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From Workforce 2023 Guide


From talent gap to remote work and childcare, employers have their hands full.

No industry sector was hit harder during COVID-19 than hospitality and restaurants. Many of these establishments are still not adequately staffed more than two years later.
Courtesy of Rob Lawrence and Little Rock CVB


uiet quitting. Asynchronous working. Third spaces. The list of new business buzzwords goes on and on. You can thank COVID-19 for that, but the global pandemic is not the only reason the world of work changed.

A generational shift at multiple levels of the workforce caused companies to reevaluate how they structure the workplace and has left bosses wondering: When will things ever settle down long enough for me to do something about this?

Time, unfortunately, is one luxury employers don’t have, as new workforce challenges mount daily and force companies to adapt or die. A recent report on the State of Site Selection, conducted by Development Counsellors International for the Site Selectors Guild, revealed just how much has changed about the workforce and where it’s heading.

“Access to talent remains the most important global factor in location decisions as employers face turbulent labor markets, evolving workplace models, immigration policy constraints, insufficient worker training programs and an increased focus on locations’ population diversity,” the report concluded.

The State of Site Selection cited these rising issues:

  • “Once seen as a potential solution to the shortage of skilled workers, advanced forms of automation, robotics and other technologies have suffered from vulnerabilities in the supply chain and can also result in the need for more workers rather than less.”
  • “Remote and hybrid work models are not going away, which is impacting workplace models and location strategies.”
  • “Companies are requesting more population diversity information during the location evaluation process.”

WorkforceChallenges-NM-mel-thomasChildcare has not come back post-COVID-19, and its absence is problematic for parents wishing to return to the workplace. This only stresses an already insufficient worker base.”

— Mel Thomas, Manager of Economic Development, City of North Port, Florida

Inflation, Affordable Housing Are Hurting Workers

Worker shortages were also the consensus No. 1 issue among the economic development leaders we interviewed for this article. Rod Crider, president and CEO of the Rowan Economic Development Council in Salisbury, North Carolina, cited this paramount concern: “the challenge for employers to provide and workers to embrace upskilling and reskilling to remain employable. This will be driven in part by more technology and automation. Employers will need to nurture agility and adaptability to retain employees. I also believe that with remote work and the gig economy, we could see strong competition between individuals to land work.”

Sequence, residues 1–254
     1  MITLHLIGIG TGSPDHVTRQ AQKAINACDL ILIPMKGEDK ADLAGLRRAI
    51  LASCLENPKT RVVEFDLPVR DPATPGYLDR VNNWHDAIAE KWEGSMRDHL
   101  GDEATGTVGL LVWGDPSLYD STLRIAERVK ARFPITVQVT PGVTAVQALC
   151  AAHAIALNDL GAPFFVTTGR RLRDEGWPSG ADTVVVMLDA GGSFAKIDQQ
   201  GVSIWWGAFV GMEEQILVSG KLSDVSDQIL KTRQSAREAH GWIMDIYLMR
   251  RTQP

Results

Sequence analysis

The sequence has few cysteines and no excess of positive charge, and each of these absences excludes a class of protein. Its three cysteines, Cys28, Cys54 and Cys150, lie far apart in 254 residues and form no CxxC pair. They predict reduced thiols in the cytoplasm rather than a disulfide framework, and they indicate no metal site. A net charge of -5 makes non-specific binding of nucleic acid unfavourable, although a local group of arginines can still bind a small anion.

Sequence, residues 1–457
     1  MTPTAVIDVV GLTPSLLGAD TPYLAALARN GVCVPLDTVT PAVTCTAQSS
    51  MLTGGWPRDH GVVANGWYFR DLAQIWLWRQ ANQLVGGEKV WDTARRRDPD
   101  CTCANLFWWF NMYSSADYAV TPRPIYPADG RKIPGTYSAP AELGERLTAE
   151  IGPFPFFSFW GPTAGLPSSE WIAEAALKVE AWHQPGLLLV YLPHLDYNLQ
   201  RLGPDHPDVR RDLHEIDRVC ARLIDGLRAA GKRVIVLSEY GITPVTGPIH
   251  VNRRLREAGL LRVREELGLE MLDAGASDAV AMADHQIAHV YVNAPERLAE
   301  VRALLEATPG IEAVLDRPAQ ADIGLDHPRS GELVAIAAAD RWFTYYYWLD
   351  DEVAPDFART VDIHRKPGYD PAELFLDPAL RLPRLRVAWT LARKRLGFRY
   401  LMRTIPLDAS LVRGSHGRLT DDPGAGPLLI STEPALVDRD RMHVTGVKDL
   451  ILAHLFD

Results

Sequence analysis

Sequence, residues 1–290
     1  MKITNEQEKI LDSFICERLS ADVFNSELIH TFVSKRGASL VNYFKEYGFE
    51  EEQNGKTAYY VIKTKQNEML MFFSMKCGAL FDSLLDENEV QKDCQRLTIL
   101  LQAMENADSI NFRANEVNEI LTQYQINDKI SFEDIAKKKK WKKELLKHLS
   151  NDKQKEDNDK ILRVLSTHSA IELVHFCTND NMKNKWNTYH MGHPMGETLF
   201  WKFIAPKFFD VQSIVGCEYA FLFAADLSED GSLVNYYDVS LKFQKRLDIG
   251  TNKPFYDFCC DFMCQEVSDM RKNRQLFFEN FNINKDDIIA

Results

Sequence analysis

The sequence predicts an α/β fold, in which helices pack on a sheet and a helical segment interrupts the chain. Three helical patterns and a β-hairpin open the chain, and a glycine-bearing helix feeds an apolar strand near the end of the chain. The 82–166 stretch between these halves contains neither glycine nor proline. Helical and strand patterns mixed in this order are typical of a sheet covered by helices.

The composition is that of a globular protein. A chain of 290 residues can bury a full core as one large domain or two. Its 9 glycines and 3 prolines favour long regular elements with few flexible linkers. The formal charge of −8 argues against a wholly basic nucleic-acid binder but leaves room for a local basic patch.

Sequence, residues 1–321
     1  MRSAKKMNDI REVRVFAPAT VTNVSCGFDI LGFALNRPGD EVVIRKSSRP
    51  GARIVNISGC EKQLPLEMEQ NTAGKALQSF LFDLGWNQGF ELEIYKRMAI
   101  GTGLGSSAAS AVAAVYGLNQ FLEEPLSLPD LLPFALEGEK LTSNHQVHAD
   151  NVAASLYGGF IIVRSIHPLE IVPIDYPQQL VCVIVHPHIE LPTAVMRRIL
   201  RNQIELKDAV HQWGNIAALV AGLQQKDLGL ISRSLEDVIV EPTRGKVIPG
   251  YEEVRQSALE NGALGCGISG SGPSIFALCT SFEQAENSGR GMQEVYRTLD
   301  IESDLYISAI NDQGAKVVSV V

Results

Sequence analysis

J.P. DuBuque, president and CEO of the Greater St. Petersburg Area Economic Development Corp., cited “the impact of inflation and housing affordability on wages, skill alignment and mismatch, and the impact of remote working on efficiency, effectiveness and culture.”

Mel Thomas, economic development manager for North Port in Sarasota County, Florida, listed these as the biggest workforce challenges:

  • Affordable housing.
  • Competitive wages.
  • Childcare: “Childcare has not come back post-COVID-19, and its absence is problematic for parents wishing to return to the workplace. This stresses an already insufficient worker base.”
  • Economic slowdown: “The distinct possibility of recession and how that will translate for the average worker or certain industries.”

What Students Didn’t Learn Will Come to Light

Mark Litten, vice president of economic development for the Putnam County Chamber of Commerce in Palatka, Florida, cited two issues: remote workers and educational loss due to COVID-19. “Those who went remote during COVID-19 do not want to go back to the office,” he said. “They love the freedoms that come with working at home. That is the upside. The downside is that without being in an office, creativity and ideas (brainstorming) are curtailed, and that will hurt business and industry.”

By 2034, it is projected that older adults will outnumber children for the first time in U.S. history.

Source: State of Site Selection, DCI report for Site Selectors Guild

On the educational front, Litten noted that we won’t really know how much education was lost due to kids staying home to learn until they matriculate into the workforce. “My wife was a teacher during COVID-19,” he said. “She had a hard time connecting with kids remotely (via Zoom, Microsoft Teams and Google Classroom) and felt she wasn’t able to teach the students intellectually.”

The Site Selectors Guild added another concern: the coming wave of Baby Boomer retirements. “By 2030, all baby boomers will be older than age 65,” the report stated. “By 2034, it is projected that older adults will outnumber children for the first time in U.S. history.”

Guild members say employers must get creative to overcome worsening worker shortages: “Office clients are addressing workforce shortages in a variety of ways, including the pursuit of offshore/international talent recruitment to fill high-demand occupations (specifically technology skills) and are also considering choosing locations outside of their home countries. Given that the talent shortage is a global one, these tactics may not be sufficient.”

Ron Starner
Executive Vice President of Conway, Inc.

Ron Starner

Ron Starner is Executive Vice President of Conway Data, Inc. He has been with Conway Data for 22 years and serves as a writer and editor for both Site Selection and the company's Custom Content publishing division. His Twitter handle is @RonStarner.


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